Several states from the European Union, including neighboring Poland, Estonia, and Lithuania, have accused Belarusian president Alexander Lukashenko of illegally sending migrants into the E.U. The group claims that Lukashenko is acting in retaliation to the bloc’s sanctions over the disputed Belarusian presidential election of 2020, making migrants his political tools and risking the creation of broad anti-migrant sentiment in the E.U.
During a news conference last Tuesday, German chancellor Angela Merkel accused Lukashenko of “using refugees . . . from Iraq, in a hybrid way to undermine security.” Radio Free Europe/Radio Liberty (R.F.E./R.L.), a U.S. government-funded international radio organization broadcasting from information-restricted countries, also reports that Lukashenko “vowed to send drugs and migrants into [the EU] after the bloc imposed . . . sanctions [over a forced flight diversion to Minsk] to arrest an opposition blogger.”
This problematic approach to sanctions only worsens the existing crisis. Using migrants as a political tool risks creating greater far-right sentiment in the E.U. and invites pushback from migrants that are unwillingly being used for political purposes. Also, many of the migrants are truly in need and do not want to be involved in the political standoff between Belarus and the E.U.
Belarus’s greater role in the flow of migrants into the E.U. has seen far many more migrants crossing into European countries this year than in 2020. In Lithuania, for instance, Reuters reports that 4,124 people, many from Iraq, crossed into the country illegally in 2021. Lithuanian president Gitanas Nauseda signed a decree on August 13th calling for an army deployment to counter illegal crossings at the border, R.F.E./R.L. says. Poland has seen similar numbers and taken similar measures, deploying more than 900 troops to its border with Belarus as of last Wednesday.
The E.U. is concerned that the surge might signal a repeat of the 2015-16 migration crisis. During those years, Reuters writes, “the arrival of more than a million people from the Middle East stretched security and welfare systems and fueled support for far-right groups.” Without directly mentioning the recent Taliban takeover of Afghanistan, interior ministers from the E.U. said there was “a need to strengthen the entire external border of the E.U. to prevent illegal crossings in the future.” This hardline approach leaves migrants who will be in danger if they return home with few alternatives.
E.U. leadership should not be quick to enact strict border measures. Rather, it should analyze solutions to alleviate the large number of migrants on the Polish and Baltic state borders.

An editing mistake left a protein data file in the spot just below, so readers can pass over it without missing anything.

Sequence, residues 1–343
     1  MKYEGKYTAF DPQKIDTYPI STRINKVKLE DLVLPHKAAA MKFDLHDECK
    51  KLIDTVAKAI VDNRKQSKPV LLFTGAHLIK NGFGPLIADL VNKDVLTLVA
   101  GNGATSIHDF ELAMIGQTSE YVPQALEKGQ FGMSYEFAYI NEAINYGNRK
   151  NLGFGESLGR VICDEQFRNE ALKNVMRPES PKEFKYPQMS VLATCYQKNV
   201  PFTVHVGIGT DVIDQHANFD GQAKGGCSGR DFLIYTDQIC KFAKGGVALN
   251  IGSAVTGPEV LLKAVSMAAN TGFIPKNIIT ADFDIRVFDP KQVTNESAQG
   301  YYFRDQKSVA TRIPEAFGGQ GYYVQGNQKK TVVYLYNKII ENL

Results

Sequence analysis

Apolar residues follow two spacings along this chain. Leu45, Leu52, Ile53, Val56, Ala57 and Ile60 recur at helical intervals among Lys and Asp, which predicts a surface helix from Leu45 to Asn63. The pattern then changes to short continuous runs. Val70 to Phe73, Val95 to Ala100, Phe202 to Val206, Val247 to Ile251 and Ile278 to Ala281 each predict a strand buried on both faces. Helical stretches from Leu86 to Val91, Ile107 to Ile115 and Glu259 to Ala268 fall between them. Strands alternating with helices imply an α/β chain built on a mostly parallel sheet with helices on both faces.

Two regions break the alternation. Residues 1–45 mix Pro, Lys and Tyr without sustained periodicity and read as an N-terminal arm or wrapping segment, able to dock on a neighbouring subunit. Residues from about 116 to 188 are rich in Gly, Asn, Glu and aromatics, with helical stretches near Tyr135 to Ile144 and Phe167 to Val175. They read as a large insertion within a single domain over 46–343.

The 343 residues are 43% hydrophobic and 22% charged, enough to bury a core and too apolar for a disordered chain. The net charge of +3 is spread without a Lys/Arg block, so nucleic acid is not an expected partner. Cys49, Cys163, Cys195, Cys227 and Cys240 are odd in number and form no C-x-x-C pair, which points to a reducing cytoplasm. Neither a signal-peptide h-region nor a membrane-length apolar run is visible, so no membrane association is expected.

One such solution may be establishing migrant admission quotas across the bloc. Ylva Johansson, who oversees migration and asylum manners in the E.U.’s executive Commission, called on member states on Wednesday to “ramp up admission quotas for Afghans in need of protection, particularly for women and girls.” European Parliament president David Sassoli has also proposed that the European Commission “should take charge of ‘equally’ relocating Afghan refugees following the Taliban takeover of their country.”
While an admission quota solution is unlikely to resolve the surge of migrants, it would alleviate the situation in the eastern part of the bloc. Those migrants who arrive to Poland or Lithuania could then go to other E.U. countries, which may put less strain on Polish and Lithuanian institutions. However, countries like Poland and Hungary are opposed to such plans. These countries are unlikely to approve if the E.U. proposes an admission quota solution.
Regardless of where in the E.U. migrants end up, E.U. officials and institutions must ensure those people access to basic resources (including food, water, and a place to sleep), healthy conditions in shelters, and a transparent process for asylum seekers.
E.U. leadership should also refrain from hardline rhetoric that may encourage far right groups. Much of the bloc’s attitude to migrants is influenced by officials’ comments, which can welcome new arrivals or fuel opposition. Earlier this week, Polish deputy prime minister Piotr Gliński said his country “defended itself against the wave of refugees in 2015 and now it will also defend itself.” Far-right groups are quick to seize on these comments to continue anti-migrant sentiment around the block. E.U. officials’ messages should be used to reach solutions, rather than creating new problems.
Open dialogue with E.U. leadership is more likely to produce an agreeable outcome for both migrants and European countries. E.U. officials must not rely only on hardline approaches, but instead collaborate as a bloc to overcome logistical issues with admission quotas, process asylum applications, and create solutions to ensure that migrants can seek asylum.
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